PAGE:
As Robertson confesses, “Following Jesus has been a blast. The Lord has blessed me mightily.

It’s what makes me happy, happy, happy.”

This book was bought with my own hard-earned cash. It was not a freebie, so I felt no obligation to endorse it. I was not required to write a positive review. As a rule I only post reviews of books that I enjoy, and that I feel will be beneficial to my readers. The opinions I have expressed are my own. Embedded in this review is an affiliate link to Amazon.com. If you follow the link from here and buy a copy of this book, Amazon will award me a 4% commission on the purchase.

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Don’t Be an Armchair Quarterback

by Larry Hehn on June 5, 2013

armchair quarterbackChappy and I used to play hockey together. He was our team’s top center. I was the goalie.

As an excellent hockey player and team captain, Chappy had earned permission to chew out any of the guys on the team who weren’t pulling their weight. Anyone he admonished knew the feedback was warranted and for their own good.

It was given to them directly, not grumbled behind their back. Discussion was open and honest, and dealt with then and there. He was also open to receiving feedback in return.

After one disastrous game, in which I couldn’t get my act together no matter how hard I tried, Chappy gave me a well-deserved tongue lashing. I was just as frustrated with myself for letting in some soft goals and not being able to get comfortable in net.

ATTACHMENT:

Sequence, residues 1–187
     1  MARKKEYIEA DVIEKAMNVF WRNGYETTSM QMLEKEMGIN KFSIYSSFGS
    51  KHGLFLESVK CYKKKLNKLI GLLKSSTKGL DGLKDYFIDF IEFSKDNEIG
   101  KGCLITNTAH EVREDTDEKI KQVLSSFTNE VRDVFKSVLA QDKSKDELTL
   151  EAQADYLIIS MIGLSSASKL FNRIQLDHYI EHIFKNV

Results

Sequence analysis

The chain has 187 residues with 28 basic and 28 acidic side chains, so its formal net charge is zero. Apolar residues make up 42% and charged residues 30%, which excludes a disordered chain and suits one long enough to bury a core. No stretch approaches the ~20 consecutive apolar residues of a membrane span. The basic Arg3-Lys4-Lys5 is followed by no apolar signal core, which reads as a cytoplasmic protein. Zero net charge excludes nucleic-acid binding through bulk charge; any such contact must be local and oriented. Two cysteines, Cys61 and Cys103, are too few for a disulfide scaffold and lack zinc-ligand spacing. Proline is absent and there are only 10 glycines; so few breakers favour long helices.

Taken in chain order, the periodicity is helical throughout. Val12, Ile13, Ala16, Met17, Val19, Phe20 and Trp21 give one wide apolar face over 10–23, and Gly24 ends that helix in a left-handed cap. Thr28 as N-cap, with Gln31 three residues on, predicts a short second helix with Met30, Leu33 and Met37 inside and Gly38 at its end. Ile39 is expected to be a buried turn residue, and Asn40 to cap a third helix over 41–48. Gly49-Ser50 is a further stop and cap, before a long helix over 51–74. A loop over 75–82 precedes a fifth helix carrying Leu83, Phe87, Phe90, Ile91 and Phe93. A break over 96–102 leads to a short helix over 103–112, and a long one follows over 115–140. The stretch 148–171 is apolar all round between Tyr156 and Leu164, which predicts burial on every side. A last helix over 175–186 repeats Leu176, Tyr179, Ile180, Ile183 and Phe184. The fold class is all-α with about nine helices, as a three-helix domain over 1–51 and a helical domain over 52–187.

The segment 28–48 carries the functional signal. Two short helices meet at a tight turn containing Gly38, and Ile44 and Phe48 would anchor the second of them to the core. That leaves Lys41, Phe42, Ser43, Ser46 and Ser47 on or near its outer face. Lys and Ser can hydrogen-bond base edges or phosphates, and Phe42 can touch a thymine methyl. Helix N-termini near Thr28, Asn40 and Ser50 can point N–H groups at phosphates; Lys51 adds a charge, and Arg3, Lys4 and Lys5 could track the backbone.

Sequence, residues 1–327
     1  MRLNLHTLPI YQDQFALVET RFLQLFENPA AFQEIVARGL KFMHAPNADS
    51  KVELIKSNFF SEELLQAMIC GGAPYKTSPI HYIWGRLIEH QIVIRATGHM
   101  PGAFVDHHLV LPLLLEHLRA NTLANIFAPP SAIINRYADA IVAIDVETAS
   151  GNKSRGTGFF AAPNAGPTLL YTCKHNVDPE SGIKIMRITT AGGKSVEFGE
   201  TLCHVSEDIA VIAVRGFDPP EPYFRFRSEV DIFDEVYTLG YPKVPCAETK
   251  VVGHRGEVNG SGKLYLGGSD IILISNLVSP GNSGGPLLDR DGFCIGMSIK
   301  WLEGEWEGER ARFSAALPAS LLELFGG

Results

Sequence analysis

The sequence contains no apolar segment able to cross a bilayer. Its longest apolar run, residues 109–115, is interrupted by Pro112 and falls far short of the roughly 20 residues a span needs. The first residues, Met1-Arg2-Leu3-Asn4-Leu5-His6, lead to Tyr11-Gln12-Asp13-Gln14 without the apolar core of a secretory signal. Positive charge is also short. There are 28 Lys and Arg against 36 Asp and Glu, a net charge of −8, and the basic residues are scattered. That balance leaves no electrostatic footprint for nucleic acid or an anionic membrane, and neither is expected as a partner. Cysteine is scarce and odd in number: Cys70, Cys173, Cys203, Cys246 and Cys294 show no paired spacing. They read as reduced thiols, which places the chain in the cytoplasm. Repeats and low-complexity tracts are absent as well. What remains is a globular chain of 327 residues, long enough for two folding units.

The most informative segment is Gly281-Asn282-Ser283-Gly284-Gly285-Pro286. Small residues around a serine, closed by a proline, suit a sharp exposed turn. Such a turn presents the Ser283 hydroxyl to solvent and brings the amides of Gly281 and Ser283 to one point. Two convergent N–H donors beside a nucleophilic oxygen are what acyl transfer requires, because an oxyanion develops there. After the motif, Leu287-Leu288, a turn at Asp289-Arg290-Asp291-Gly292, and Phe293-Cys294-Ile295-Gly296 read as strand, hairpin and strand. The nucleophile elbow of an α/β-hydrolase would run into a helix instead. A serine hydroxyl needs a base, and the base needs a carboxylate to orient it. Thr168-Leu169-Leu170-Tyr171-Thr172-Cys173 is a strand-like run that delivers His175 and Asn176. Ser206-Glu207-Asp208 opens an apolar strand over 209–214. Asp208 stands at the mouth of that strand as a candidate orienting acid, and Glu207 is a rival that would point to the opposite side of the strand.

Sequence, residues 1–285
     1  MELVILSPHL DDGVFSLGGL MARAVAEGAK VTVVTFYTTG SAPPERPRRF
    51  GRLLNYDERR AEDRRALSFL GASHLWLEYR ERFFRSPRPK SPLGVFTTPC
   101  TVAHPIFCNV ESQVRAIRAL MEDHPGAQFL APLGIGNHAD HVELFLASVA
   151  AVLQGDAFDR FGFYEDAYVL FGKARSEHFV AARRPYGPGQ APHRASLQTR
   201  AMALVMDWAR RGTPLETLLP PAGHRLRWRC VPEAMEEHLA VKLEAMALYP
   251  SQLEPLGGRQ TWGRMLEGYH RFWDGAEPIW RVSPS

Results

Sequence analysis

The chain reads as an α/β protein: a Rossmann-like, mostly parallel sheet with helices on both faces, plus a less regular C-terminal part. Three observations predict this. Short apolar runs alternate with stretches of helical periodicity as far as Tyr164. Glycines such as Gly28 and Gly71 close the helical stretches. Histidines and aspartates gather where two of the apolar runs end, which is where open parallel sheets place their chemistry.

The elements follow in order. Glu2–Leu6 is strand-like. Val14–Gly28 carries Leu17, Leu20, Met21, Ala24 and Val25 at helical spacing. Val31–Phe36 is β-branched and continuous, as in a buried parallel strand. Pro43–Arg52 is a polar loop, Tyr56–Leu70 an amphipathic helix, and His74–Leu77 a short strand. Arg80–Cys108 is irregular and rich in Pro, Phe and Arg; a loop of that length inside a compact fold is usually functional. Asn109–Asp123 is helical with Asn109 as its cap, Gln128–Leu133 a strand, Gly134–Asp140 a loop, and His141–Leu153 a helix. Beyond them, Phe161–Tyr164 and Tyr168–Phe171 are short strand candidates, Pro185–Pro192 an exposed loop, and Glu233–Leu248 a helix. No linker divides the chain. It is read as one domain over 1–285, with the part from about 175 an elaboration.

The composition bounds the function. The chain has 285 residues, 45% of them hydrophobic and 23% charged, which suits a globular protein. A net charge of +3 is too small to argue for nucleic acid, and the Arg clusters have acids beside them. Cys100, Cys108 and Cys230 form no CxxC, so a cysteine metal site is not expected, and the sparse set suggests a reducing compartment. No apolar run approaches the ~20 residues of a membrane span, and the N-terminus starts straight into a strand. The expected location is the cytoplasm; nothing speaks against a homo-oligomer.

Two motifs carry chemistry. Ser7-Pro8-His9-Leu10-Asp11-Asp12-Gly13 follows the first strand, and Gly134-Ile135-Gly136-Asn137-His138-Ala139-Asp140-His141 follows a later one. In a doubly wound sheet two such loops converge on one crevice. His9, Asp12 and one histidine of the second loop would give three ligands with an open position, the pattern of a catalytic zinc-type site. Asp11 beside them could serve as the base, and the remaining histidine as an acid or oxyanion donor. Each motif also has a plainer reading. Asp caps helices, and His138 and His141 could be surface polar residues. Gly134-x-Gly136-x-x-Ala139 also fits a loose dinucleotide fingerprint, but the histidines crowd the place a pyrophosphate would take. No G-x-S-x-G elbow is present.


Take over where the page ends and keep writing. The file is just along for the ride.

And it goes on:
He must have sensed that frustration, since he then did something I never expected. He suggested that we swap positions at our next practice.

That Monday afternoon, Chappy donned my pads. I moved up to center. For an hour and a half we got a taste of what it was like to be in the other’s skates.

Exhausted, drenched in sweat, and completely humbled at our inability to cover the other’s position, we dragged ourselves back to the dressing room and slumped onto the benches across from each other.

Chappy’s eyes met mine. Slowly, he shook his head and said, “I will never yell at you again.”

Still panting, I gasped, “And I’ll never yell at you either.”

Chappy was no armchair quarterback. If he was going to criticize somebody for something, he wanted to know exactly what it was like to be in their skates…er, shoes. He gave the benefit of the doubt. He spoke with hopes of building the other person up, not tearing them down.

I don’t know whether to laugh or cry when someone who has never played hockey watches the extra-slow-motion replay of a backhand from inside the slot bulging the twine, then announces, “Aw, the goalie should have had that!”

Yes, maybe he should have. That’s why they pay him the big bucks. But, having played that position before, I don’t fault him for missing it. It’s amazing how easy something looks until you try it yourself.

That’s why I like shows like Pros vs Joes and Undercover Boss. The cocky amateur jock gets schooled about what it really takes to be a professional athlete. The corporate CEO gains an appreciation for the many hands that support the vision he/she is casting for his/her company.

Armchair quarterbacks aren’t necessarily couch potatoes. They’re just people who expect more from others than they do from themselves.

So if you find yourself thinking that someone you know really needs to hear this…